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Author: 
Dr. Mohamed A. Ramady
Publication Date: 
Mon, 2006-09-11 03:00

Foreign direct investment (FDI) or inflow of foreign capital to a country to promote economic growth to the benefit of foreigners and the national economy is a hot topic in developing countries. The Saudi Arabian government has sent some strong signals that it welcomes such an inflow by establishing an empowered entity — the Saudi Arabian General Investment Authority (SAGIA) — to spearhead the FDI effort. Some countries evaluate their domestic economic reform programs in terms of how much foreign direct investment has been obtained. However, the quantity of inflow of capital is not enough to judge the effectiveness of such foreign investment flows.

Saudi Arabia is in a fortunate position whereby its citizens hold substantial liquidity and monetary assets both in the Kingdom and abroad. The size of the liquidity surpluses generated by the most recent initial public offerings of shares on the Saudi Stock market illustrate this and nowhere in the world do oversubscriptions of new listings in the multiples of 40 or 50 routinely occur. As such, questions concerning foreign direct investment into Saudi Arabia have to be discussed in terms of what benefits FDI can bring to the Kingdom that is currently missing.

The advantages associated with foreign direct investment for those countries fortunate to be in a capital surplus situation such as Saudi Arabia are several. Firstly, foreign investments into a country are assumed to lead to higher productivity and labor standards through the demonstration effect of foreign multinationals in the way they manage advanced production processes and systems. Domestic companies benefit from modern know- how and technological transfer, as well as the creation of a pool of a domestic skilled labor force that foreign companies have trained, and who could be employed in domestic companies. The Saudi banking sector is one such case in point, whereby the foreign joint venture banking partners brought in advanced management and training practices and young Saudis benefited from foreign partner training programs and moved on to senior positions and management responsibilities in other national banks. However, this argument does not hold if the foreign company is highly capital intensive and relies on a few foreign skilled workers.

Secondly, FDI in a country’s infrastructure will not lead to banking or debt crisis compared with financing lending from abroad such as happened with many Latin American countries that saw inward flows of capital, not in projects, but to government lending. Some economies become so dependent on foreign loans that it takes decades for them to remove the debt servicing obligations and gain better borrowing credit ratings. Some are fortunate and can repay such non-FDI international loans, as recently announced by Russia, which finished paying off its $22.5 billion Soviet era debt to the so-called Paris Club creditor nations ahead of schedule. This has saved Russia around $7.7 billion in servicing costs. Thirdly, unlike international loans, part of the profits of the FDI is reinvested in the country of investment, which leads to further growth in project investments.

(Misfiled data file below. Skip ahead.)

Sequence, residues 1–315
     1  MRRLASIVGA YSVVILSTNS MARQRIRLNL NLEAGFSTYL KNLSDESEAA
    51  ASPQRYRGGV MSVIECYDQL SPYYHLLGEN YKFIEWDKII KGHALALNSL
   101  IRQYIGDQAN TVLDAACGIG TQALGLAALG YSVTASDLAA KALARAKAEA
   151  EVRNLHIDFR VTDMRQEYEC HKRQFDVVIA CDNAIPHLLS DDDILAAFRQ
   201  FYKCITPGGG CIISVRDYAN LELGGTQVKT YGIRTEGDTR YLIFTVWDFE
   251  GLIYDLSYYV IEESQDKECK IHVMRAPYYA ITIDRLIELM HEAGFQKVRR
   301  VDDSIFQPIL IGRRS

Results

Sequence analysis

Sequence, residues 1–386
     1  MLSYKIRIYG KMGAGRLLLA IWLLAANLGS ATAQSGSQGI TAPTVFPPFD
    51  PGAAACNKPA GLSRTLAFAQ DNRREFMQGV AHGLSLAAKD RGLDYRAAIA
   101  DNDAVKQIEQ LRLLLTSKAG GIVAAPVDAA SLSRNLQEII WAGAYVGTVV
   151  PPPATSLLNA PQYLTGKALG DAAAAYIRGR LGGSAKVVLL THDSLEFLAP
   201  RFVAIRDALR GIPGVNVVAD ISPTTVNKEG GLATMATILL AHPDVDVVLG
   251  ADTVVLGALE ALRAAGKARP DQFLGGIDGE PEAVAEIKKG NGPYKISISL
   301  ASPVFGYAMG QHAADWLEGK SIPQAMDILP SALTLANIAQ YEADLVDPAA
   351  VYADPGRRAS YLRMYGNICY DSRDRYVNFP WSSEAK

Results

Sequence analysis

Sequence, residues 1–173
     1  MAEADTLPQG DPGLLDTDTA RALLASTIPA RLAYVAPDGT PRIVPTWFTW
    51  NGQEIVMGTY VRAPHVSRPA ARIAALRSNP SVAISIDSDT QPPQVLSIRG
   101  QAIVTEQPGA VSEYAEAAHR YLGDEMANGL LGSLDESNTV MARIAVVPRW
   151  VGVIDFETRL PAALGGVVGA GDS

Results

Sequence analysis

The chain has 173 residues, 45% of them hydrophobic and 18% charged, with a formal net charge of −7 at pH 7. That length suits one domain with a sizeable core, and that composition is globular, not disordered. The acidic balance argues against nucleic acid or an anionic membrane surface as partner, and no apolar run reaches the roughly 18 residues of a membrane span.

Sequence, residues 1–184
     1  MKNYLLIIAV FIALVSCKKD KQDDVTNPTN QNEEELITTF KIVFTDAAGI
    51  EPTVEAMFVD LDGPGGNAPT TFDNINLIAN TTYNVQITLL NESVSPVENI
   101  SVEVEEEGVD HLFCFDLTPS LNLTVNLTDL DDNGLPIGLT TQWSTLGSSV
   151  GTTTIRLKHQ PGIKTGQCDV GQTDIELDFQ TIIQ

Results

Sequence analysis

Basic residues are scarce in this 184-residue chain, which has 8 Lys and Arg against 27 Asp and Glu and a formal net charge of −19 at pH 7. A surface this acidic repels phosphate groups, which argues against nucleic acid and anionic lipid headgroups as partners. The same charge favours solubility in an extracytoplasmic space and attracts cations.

The disadvantages of FDI should not be overlooked. The first disadvantage is that successful foreign operations could drive domestic competitors out of the market and this might be the case with sophisticated financial services. Secondly, if the FDI sector is large enough and they borrow from domestic banks to expand, their action could drive borrowing rates up causing problems to domestic operations. Again, if the foreign direct investment sector is large in a country, this could cause balance of payments problems for the domestic economy with large profits being repatriated by the foreign companies. Finally, one of the major criticisms of FDI is that they could concentrate on a narrow base of investment in the economy, which could benefit a small section of the population, or concentrate in special “economic enclaves” such as mining or other natural resources extraction.

Fortunately for Saudi Arabia, some of these potential negatives of FDI are minimized as the oil sector is in state control, and most mineral activity is through joint ventures. While there is some concentration of foreign investments in petrochemical industries, yet foreign participation is also evident in many sectors, and the Saudi financial services sector does not seem unduly worried at the opening up of this lucrative market to FDI, post the Saudi WTO entry. FDI has forced Saudi financial institutions to become more competitive and identify core niche areas such as Islamic financing to compete with foreign institutions. The major FDI benefit that the Kingdom has acquired is to be considered in terms of the transfer of technology and management expertise, rather than capital inflows.

The emphasis on technology transfer has been recently emphasized in the Saudi government’s invitation for foreign investment participation in the Kingdom, coupled with parallel initiatives to ensure a more transparent administrative, judicial and regulatory regime. SAGIA is doing its best by listening to foreigners complaints about various well founded obstacles to doing business in Saudi Arabia, and at the same time, is prodding government agencies and bureaucracies to adapt to the needs of FDI if the Kingdom is to remain competitive.

(Dr. Mohamed A. Ramady is visiting associate professor finance and economics at King Fahd University of Petroleum and Minerals.)

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